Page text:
New Report Reveals Illinois is 16th Worst in Nation for New Lung Cancer Cases

Report also shows Land of Lincoln is 17th best in the nation for survival, above the national average


The 2023 “State of Lung Cancer” report reveals Illinois ranks as 16th worst in the nation for new lung cancer cases. The state saw 59.7 new cases per 100,000, higher than the national average of 54.6 new cases per 100,000. 

The American Lung Association’s 6th annual report, released today, highlights the toll of lung cancer in Illinois and examines key indicators including new cases, survival, early diagnosis, surgical treatment, lack of treatment and screening rates.

The report also found that while Illinois is seeing more cases than the national average, the state is ranked 17th in country for survival. Illinois has a 27.2% rate for keeping people alive five years after a lung cancer diagnosis compared to the national average of 26.6% 

Nationally, the “State of Lung Cancer” report found lung cancer survival rates are improving for everyone, including people of color. In fact, the five-year lung cancer survival rate for people of color has increased by 17% in the last two years, helping close the health disparity gap.

“Thankfully, in Illinois, the lung cancer survival rate has improved because of increased awareness, improved access to healthcare and cutting-edge research into new treatments for the disease,” said Kristina Hamilton, Advocacy Director at the American Lung Association. “However, lung cancer is still the leading cause of cancer deaths here in Illinois and across the nation, and our recent report makes it clear that we have to increase state funding for lung cancer screening and awareness.”

The report found that Illinois ranked:

  • 32 out of 48 in the nation for rate of new lung cancer cases at 59.67 per 100,000. The national rate is 54.6 per 100,000.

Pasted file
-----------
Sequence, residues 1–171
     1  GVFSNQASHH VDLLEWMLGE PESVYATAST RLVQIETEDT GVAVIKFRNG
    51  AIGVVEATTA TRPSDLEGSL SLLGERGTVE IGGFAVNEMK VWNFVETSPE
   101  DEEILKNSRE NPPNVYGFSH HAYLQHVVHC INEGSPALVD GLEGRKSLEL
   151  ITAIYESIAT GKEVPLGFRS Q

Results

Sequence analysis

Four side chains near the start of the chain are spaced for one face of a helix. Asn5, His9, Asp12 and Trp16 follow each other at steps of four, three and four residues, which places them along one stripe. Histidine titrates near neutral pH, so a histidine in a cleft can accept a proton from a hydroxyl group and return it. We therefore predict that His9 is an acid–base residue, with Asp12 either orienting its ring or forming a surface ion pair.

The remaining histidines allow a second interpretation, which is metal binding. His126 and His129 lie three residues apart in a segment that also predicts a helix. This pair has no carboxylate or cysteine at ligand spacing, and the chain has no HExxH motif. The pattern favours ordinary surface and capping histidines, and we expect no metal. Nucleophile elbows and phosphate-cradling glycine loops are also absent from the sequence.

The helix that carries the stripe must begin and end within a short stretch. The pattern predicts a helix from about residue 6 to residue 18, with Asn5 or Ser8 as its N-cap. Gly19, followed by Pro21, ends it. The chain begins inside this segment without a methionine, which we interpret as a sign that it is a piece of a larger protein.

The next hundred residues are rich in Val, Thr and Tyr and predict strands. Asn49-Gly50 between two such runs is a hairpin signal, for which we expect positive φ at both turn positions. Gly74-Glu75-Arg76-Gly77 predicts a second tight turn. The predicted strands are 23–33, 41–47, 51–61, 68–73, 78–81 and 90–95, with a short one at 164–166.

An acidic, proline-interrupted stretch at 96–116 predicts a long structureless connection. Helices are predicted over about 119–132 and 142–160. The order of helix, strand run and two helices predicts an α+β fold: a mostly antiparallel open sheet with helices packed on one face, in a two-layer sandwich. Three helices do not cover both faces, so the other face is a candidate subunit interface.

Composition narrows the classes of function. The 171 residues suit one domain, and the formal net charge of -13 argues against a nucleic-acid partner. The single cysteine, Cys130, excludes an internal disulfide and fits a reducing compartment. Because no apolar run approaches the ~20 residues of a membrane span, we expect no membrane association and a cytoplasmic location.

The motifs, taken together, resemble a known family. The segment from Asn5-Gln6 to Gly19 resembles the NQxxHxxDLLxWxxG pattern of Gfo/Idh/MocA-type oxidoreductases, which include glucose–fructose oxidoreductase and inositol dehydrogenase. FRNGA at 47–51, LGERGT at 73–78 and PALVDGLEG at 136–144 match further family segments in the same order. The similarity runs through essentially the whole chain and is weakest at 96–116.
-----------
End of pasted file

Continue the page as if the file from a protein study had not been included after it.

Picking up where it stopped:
• 17 out of 42 in the nation for survival at 27.2%. The national rate of people alive five years after a lung cancer diagnosis is 26.6%.
  • 20 out of 47 in the nation for early diagnosis at 27.3%. Nationally, only 26.6% of cases are diagnosed at an early stage when the survival rate is much higher.
  • 21 out of 51 in the nation for lung cancer screening at 5.6%. Lung cancer screening with annual low-dose CT scans for those at high risk can reduce the lung cancer death rate by up to 20%. Nationally, only 4.5% of those at high risk were screened.
  • 18 out of 47 in the nation for surgery at 21.0%. Lung cancer can often be treated with surgery if it is diagnosed at an early stage and has not spread. Nationally, 20.8% of cases underwent surgery.
  • 15 out of 47 in the nation for lack of treatment at 18.2%. Nationally, 20.6% of cases receive no treatment.

For the first time ever, in 2022, the Illinois General Assembly and Governor Pritzker provided state funding for lung cancer screening to help implement the state’s 5-year Comprehensive Cancer Control Plan. The funding created the Illinois Lung Cancer Screening Initiative, which aims to increase education and early detection for lung cancer. Learn more about at Lung.org/lcs-initiative..

Effective January 1, 2024, the Tenant Radon Protection Act, which was passed and signed into law into law on July 28, will allow renters to be released from their lease if high levels of radon are detected in their unit and their landlord chooses not to mitigate the radon. The bill also expands what information landlords must disclose about radon to current and prospective renters. Radon is the second leading cause of lung cancer.

The 2023 “State of Lung Cancer” report highlights that Illinois must do more to reduce the burden of lung cancer and encourages everyone to help end lung cancer. Join the Lung Association’s efforts by asking your member of Congress to co-sponsor H.R. 4286, the Increasing Access to Lung Cancer Screening Act at Lung.org/SOLC.

Get involved and help the mission of the American Lung Association. Fight For Air Climb Oakbrook is coming up this spring on March 10th. Learn more at FightForAirClimb.org/Oakbrook.

For more information, contact:

James A. Martinez
(312) 445-2501
[email protected]

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